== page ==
The Blockchain Arms Race
The USA and its allies aren’t alone in their aspirations to weaponize blockchain. It appears that China is also pushing towards quick integration of this innovative technology. The People’s Liberation Army (PLA) published an article this year in which they highlight specific military applications for blockchain technology. The paper suggests that it is critically important for China to not fall behind in adoption.
Weaponize Blockchain – “Media Wars”
China has been eyeing blockchain technology for years now. If you dig deeper, you can find military references to the blockchain as far back as 2016. The journal of National Defense Science & Technology published an article called “Blockchain Technology and its Potential Military Value.” The article focused on blockchain integration into intelligence operations, weapons lifecycle monitoring, personnel management systems, and military logistics.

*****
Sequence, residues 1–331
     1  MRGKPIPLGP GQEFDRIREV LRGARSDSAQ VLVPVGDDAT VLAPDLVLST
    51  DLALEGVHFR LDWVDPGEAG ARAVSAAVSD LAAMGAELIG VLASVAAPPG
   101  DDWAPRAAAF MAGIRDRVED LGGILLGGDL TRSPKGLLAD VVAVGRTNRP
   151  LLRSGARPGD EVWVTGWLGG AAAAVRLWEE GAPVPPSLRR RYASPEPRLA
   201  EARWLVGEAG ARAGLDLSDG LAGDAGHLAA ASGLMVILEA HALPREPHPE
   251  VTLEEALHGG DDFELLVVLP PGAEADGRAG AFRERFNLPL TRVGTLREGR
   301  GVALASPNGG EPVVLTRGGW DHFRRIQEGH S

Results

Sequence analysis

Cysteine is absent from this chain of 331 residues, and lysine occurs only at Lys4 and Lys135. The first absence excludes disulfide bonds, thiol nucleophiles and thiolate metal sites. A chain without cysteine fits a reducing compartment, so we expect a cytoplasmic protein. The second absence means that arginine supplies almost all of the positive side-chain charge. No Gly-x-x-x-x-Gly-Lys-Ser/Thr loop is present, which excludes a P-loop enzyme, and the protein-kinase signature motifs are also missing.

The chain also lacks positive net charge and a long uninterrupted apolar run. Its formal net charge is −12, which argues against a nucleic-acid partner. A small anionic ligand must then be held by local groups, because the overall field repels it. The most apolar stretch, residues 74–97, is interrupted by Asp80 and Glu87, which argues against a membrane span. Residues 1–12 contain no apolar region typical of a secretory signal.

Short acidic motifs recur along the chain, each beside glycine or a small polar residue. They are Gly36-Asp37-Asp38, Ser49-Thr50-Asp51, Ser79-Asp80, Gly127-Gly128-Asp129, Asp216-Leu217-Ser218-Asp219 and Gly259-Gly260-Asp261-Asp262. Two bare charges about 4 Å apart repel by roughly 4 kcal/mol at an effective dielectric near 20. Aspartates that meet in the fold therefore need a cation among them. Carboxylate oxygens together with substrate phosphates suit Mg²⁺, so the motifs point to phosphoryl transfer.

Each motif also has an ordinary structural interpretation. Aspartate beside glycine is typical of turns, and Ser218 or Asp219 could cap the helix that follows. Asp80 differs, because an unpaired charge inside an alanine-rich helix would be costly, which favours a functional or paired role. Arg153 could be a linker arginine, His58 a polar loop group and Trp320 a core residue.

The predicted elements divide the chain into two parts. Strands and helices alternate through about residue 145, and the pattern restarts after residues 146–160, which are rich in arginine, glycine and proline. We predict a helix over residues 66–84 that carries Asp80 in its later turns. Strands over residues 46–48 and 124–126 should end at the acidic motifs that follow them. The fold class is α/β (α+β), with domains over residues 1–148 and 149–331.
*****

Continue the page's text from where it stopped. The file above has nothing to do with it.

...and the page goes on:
Indian officials have expressed concerns over weaponized blockchain as well. A recent article published by a group of Indian scholars highlighted how this technology could be used to hack into high-security military systems in the near future. The paper explains that in the future the combined computing power of a blockchain network could be harnessed to overpower the current computer defenses that are available.
It has been said that “war is the mother of innovation” and if this is true, blockchain technology is about to go through a renaissance as the global arms race is just heating up. This innovative technology has the potential to be used in almost every facet of the military. The stakes are high in the game of war, and blockchain technology appears to be able to provide countries a more efficient means in which to conduct the business of war.
Read original article at coincentral.com.
Author: David Hamilton